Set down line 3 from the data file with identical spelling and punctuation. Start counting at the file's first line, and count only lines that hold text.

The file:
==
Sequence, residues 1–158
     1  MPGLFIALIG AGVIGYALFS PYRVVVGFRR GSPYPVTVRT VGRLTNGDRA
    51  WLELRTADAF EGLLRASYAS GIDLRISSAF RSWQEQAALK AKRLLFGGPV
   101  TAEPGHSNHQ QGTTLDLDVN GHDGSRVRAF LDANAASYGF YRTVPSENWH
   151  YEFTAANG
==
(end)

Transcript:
    51  WLELRTADAF EGLLRASYAS GIDLRISSAF RSWQEQAALK AKRLLFGGPV